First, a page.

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Favourite tools

I'm giving my shed a good clear out, keeping only the bare minimum of tools - one border spade and fork, trowel, hand fork, rake and secateurs. There are so many other tools which I find unnecessary in my tiny garden. Which tools could you not live without, and why?



  • happymarionhappymarion Posts: 4,591

    Oh, secateurs, Kate.  There always seems to be something needing pruned back from the paths in my garden.  Otherwise i woud be getting scratched or poked in the eye frequently.  And an old dinner fork for weeding in my pots.  The broken end of an old spade handle I also find useful for holes for potatoes or leek planting or planting bulbs.  But when my small fork and trowel were lifted from the garden recently I could not wait to beg, borrow "not steal" them from friends and neighbours.  Luckily I was fortunate to replace them by winning a competition which had a bag of tools as part of the prize. I soon found out when they disappeared that "the workman is only as good as his tools"

  • Jacqui3Jacqui3 Posts: 3

    A Dutch hoe is a great tool for the garden. I use it to cut down annual weeds between my plants. It's also good in small areas to even up the soil level. It saves on bending down!

  • ObelixxObelixx Posts: 29,818

    Secateurs, loppers, pruning saw and Wolf tool system with handles in varying lengths and heads for hoeing, cultivating and raking that fit all. Easy to store on a board with suitable pegs and screws for hanging them.  Then I'd add a long handled spade and fork, preferably stainless steel, plus two trowels, an old dinner fork for pricking out and a set of watering cans, hose pipes and connectors plus assorted buckets for holding plants when I'm lifting and dividing and transplanting.   Add a plank for standing on to work in the raised veggie beds, a kneeling pad for close working, a supply of canes and hazel sticks for supports and an old bread knife for cutting up clumps of perennials plus a lawn mower and cloches.

    Quite a lot really.

    Vendée - 20kms from Atlantic coast.
    "We don't stop playing because we grow old; we grow old because we stop playing." - George Bernard Shaw
  • SalinoSalino Posts: 1,609

    All of those mentioned plus I would add - a good man is a necessity on occasions, preferably one who does not have a bad back.  I couldn't do without him and fortunately he is not a tool.

  • PalaisglidePalaisglide Posts: 3,414

    Kate I throw nothing away so have tools that belonged to my father the best of which is a very long handled Dutch hoe. It reaches well into the beds and is lovely to lean on at times, my first job on going into the garden is get the hoe and wander round it also helps break up the soil. There are trowels for all seasons but they come in handy to lay hands on in a hurry. I usually look for my Secateurs in the compost having put them down after reducing sticks to sawdust. The best tool as I get older is the electric hedge cutter, having several free standing bushes that need to be kept in check, they also come in handy for running over bushy roses or climbers that attack me what ever protection I wear, I have found no difference in fresh growth whether I prune by the book or run the hedge trimmer over them. Finally a very good kneeling stool, at the end of the day I need prise myself up with the long handles, it comes to us all.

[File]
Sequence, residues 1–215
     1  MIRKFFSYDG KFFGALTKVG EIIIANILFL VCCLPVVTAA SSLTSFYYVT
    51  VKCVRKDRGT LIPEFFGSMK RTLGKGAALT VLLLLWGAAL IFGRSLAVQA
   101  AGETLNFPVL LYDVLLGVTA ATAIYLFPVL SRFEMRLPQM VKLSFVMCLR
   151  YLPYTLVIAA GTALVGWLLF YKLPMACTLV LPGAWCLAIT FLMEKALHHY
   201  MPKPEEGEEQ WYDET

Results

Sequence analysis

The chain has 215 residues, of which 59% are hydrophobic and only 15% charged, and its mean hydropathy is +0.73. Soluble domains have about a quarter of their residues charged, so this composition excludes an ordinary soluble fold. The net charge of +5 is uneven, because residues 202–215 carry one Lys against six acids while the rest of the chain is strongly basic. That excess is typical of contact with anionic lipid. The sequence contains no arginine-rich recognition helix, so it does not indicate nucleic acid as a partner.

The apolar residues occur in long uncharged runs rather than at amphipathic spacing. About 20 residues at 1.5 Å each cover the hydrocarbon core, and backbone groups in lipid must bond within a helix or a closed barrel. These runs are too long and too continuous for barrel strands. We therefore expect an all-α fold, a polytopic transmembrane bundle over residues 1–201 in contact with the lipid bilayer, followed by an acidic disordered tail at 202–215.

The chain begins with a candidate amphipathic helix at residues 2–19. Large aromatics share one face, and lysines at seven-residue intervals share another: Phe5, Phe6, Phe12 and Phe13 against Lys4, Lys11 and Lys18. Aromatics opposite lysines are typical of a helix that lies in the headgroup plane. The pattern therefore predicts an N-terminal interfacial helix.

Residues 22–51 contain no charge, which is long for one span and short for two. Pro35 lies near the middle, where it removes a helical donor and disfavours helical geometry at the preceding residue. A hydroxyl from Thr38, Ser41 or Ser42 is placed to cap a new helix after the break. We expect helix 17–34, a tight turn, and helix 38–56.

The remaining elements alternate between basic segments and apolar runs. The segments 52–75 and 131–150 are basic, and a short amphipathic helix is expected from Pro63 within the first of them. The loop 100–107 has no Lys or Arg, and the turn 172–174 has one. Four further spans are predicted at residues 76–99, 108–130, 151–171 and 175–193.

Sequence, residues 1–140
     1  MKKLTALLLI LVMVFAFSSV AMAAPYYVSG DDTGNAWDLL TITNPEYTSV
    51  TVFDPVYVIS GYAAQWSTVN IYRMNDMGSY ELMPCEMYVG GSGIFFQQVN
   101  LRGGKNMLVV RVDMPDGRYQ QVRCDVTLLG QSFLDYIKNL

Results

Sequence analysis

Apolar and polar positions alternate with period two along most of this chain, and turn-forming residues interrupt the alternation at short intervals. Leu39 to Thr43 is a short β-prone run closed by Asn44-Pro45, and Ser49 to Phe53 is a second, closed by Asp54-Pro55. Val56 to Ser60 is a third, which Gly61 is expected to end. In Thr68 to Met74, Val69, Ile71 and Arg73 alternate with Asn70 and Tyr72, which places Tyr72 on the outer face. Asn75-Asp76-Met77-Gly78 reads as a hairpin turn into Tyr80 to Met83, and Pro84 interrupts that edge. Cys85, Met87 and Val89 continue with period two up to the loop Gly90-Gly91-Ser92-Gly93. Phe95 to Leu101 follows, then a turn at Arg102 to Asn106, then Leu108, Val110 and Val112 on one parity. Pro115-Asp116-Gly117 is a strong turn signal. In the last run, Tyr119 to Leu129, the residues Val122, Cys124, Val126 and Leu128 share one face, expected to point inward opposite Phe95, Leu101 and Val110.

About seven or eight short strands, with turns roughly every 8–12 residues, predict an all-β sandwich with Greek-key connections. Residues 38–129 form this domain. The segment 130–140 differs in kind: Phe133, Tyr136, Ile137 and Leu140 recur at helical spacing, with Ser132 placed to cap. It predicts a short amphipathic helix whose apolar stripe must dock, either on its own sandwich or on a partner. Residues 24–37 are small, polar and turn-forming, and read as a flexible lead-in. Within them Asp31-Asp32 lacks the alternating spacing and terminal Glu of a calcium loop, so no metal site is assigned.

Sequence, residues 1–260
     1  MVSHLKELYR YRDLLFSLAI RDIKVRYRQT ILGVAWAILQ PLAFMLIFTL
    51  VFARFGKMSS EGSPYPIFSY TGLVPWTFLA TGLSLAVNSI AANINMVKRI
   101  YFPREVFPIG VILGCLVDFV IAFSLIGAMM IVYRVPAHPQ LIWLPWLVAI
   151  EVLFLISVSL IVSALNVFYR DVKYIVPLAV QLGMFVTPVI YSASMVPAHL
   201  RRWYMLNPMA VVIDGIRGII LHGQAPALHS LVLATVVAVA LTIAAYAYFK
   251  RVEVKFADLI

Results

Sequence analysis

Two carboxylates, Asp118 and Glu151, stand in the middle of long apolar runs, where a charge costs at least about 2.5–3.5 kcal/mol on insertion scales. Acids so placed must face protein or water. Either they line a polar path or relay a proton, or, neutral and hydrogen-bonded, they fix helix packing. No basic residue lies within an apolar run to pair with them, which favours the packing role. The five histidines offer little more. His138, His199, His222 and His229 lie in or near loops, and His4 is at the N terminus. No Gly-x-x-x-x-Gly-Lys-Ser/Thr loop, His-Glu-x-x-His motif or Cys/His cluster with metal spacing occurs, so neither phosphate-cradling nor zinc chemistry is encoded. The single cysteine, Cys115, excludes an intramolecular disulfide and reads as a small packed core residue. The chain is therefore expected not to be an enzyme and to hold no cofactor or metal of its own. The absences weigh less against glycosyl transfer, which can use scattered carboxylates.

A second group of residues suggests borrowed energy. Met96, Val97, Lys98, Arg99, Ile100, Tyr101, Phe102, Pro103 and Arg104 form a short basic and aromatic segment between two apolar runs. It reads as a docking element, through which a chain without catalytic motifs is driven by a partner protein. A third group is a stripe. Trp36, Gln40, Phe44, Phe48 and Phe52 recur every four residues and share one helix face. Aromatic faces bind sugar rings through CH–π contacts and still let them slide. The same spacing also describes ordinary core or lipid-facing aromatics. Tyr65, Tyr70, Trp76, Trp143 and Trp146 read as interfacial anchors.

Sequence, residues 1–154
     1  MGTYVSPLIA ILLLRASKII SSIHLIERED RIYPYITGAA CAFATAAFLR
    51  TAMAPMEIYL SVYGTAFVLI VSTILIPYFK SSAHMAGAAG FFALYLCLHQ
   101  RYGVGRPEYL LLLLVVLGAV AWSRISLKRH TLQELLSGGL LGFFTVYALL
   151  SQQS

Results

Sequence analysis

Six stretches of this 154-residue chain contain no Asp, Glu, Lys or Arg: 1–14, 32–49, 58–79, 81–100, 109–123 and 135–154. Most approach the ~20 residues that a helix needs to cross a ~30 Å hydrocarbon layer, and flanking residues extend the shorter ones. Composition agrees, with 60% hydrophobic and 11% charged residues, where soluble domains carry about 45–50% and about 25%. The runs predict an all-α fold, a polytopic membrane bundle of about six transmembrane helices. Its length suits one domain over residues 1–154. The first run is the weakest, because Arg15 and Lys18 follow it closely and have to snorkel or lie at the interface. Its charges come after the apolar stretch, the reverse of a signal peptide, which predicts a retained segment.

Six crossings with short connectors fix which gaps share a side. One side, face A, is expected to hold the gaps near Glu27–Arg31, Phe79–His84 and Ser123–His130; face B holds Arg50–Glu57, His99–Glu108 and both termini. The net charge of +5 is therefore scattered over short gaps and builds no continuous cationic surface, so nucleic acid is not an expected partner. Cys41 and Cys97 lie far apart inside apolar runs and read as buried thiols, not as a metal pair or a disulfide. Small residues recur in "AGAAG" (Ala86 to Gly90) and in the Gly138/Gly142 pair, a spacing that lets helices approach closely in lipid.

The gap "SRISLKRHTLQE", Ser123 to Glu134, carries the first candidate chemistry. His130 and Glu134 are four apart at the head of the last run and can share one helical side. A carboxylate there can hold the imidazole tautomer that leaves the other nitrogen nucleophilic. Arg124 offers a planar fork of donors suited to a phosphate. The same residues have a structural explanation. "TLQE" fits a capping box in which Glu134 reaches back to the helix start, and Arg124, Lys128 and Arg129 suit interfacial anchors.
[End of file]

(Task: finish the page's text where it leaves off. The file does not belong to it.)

• A petrol-engined leaf-blower is essential to me. At the other end of the scale I find a good quality small pointing trowel is great for intricate weeding.


  • figratfigrat Posts: 1,619
    Hand fork, trowel, secateurs, Japanese onion hoe, and a mini crowbar are the tools I use most. Have a border fork and spade too, but my soil is very light and free draining. The mini crowbar is great for levering clumps of crocosmia out of my dry stone walls, and weeding cobbles. But the most life- enhancing is a pair of Velcro strapped knee protectors. I always found kneeling pads a bit of a hassle. Mind you, the knee protectors are so comfy that it's easy to forget you're wearing them, and I have found myself downtown with them on. Whoops!
  • Paul NPaul N Posts: 303

    My Spork, my two pairs of Felco secateurs and my stainless steel garden fork and spade. Mind you the shaft of the spade has broken twice in the last ten years which Spear & Jackson have replaced under it's lifetime guarantee (The latest replacement has only a ten year guarantee).

  • Gary HobsonGary Hobson Posts: 1,892

    Well, as you can see, my avatar is a hand-mower.

    The one shown is a Qualcast Panther. Towards the end of last year I decided to upgrade to a high-tech silent Brill. Which is, as it says on the box - absolutely brill. I love my Brill.

    Next most useful tool for me is a lightweight battery-powered strimmer.

    And I couldn't live without a camera.

  • BriBri Posts: 13

    Felco 2 secateurs, had them since 1974ish and they are still going strong. Next is the wife, she cuts all the grass.image

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